There are many reasons I love Tate Modern: it’s a place where you can lose yourself for hours in front of a single Rothko, or unleash the children on vast installations in the spectacular Turbine Hall; where you can witness performance art in the morning and avant-garde gigs at night, admire (or lament) 360 degree views of London from the top of the Switch House, eat delicious food and find gifts for that person who has everything.
I love what the Tate is doing for craft beer too. At any one time, you can find around a dozen interesting craft brews behind the bar on Level 1 (plus a bespoke gin from microdistillery Sacred). And it regularly commissions limited edition brews from interesting microbreweries all over the country to mark special exhibitions or milestones in the institution’s history.
To celebrate the opening of the Switch House in 2016, the Tate collaborated with Bermondsey brewery Fourpure on a one-off pale ale. The futuristic-looking can it came in was designed by Peter Saville, the artist behind iconic album covers for Joy Division, Roxy Music and New Order. Other collaborations have included a Lichtenstein pale ale with Scotland’s BrewDog, a Paul Klee wheat beer with London Fields Brewery and an LS Lowry ale with Manchester’s Marble Brewery (all with matching artwork).
And the Tate has done more quirky experiments too. For the Artist and Empire exhibition it commissioned an extra-hoppy IPA from Harbour Brewing Co in Cornwall and shipped it by sea to Tate Liverpool, in a nod to the original India pale ales that were heavily hopped to last the voyage from England to India. “Beer is just four ingredients, but it can be done a thousand ways,” says Tate’s beer-mad ops director Andrew Downs. “There are so many things you can play with – different yeasts, barrel ageing, acidity, hops, the type of malt – and so much room for creativity.”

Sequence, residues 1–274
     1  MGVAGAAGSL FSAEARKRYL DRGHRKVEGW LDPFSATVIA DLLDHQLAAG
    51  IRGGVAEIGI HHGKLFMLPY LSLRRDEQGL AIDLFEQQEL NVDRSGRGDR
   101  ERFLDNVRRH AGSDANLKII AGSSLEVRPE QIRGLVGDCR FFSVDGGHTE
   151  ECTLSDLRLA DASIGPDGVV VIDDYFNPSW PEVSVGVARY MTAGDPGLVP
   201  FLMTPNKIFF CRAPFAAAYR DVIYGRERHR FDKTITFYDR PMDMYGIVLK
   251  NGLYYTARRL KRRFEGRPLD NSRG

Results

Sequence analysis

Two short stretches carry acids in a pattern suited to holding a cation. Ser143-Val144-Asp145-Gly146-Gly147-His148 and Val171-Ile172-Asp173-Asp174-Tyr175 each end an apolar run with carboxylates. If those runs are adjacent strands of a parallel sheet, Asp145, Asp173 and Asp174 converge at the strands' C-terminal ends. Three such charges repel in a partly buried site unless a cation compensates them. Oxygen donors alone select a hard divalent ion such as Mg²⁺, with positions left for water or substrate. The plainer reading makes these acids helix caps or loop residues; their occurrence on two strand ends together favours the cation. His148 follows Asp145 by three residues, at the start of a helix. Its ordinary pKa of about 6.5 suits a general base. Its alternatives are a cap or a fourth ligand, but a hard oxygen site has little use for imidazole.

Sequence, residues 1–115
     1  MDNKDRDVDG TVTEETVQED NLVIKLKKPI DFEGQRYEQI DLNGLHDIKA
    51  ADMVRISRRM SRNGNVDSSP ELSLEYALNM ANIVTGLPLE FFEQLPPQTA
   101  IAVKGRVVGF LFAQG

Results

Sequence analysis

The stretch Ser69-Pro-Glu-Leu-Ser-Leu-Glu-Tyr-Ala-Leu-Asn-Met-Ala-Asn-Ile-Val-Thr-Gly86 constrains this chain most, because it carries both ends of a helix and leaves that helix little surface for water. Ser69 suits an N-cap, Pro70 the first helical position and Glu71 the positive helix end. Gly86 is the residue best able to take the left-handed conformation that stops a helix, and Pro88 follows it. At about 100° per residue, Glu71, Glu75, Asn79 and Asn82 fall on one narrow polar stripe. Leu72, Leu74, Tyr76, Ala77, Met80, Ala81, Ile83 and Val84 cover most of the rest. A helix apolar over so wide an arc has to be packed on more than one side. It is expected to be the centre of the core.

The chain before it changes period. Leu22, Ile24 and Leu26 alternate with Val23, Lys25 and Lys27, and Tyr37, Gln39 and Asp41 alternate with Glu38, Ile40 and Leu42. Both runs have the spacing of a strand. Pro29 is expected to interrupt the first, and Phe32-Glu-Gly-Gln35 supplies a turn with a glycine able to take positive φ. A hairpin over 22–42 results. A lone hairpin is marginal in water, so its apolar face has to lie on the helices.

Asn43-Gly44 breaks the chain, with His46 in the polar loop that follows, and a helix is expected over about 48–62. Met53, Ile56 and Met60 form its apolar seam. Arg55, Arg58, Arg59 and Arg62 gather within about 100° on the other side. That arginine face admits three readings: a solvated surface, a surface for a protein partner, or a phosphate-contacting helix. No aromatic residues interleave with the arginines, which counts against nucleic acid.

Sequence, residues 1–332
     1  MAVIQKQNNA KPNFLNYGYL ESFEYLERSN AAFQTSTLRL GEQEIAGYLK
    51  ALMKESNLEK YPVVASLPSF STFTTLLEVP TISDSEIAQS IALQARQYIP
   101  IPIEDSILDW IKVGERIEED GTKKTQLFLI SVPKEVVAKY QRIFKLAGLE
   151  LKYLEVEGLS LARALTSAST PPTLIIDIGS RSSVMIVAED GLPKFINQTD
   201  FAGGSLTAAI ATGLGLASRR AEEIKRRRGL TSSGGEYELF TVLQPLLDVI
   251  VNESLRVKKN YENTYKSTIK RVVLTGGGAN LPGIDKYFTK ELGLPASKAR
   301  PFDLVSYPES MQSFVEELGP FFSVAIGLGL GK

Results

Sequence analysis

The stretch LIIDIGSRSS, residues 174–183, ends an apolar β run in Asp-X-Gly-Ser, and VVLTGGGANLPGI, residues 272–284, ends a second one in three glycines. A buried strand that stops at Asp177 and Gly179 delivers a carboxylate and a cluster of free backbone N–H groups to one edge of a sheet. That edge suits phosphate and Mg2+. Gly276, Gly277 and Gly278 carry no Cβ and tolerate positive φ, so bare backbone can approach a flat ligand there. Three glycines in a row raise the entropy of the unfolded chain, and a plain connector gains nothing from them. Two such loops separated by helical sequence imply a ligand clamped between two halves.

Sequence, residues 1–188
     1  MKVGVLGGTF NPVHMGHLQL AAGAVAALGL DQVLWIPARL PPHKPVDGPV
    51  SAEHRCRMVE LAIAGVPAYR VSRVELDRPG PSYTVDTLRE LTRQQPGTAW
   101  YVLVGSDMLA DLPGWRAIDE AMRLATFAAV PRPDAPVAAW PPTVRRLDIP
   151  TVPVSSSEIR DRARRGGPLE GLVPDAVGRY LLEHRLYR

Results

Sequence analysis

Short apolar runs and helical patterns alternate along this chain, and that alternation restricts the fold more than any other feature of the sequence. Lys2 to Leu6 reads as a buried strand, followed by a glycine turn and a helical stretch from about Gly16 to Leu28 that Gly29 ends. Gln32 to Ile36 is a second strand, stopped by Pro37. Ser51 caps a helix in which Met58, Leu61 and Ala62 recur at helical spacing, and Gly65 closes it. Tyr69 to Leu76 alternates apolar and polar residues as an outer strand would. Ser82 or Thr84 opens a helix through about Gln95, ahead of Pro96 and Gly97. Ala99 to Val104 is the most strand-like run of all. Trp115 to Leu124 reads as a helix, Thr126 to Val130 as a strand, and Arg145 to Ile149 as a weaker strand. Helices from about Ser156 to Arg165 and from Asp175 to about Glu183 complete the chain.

On the last Thursday of each month, Tate Modern hosts a Tap Takeover, where you can meet a guest brewer and taste a range of its beers for just £15. Recent highlights have been Welsh microbrewery West by Three and the fantastic Burning Sky in East Sussex (which does some exceptional saisons). A lot of these breweries also have great artwork – and the Tate likes them to make a feature of it. When Alphabet did a takeover, it brought its illustrator and encouraged people to design their own labels. Burnt Mill from Suffolk created a short film for its event.
Upcoming takeovers include Gipsy Hill in October and a double-header from Northern Monk and Wylam in November. And from what Downs tells me, there are plenty more new beers in the pipeline. “The Tate is about giving a platform to creative people,” he says, “and this is just another way of doing that.”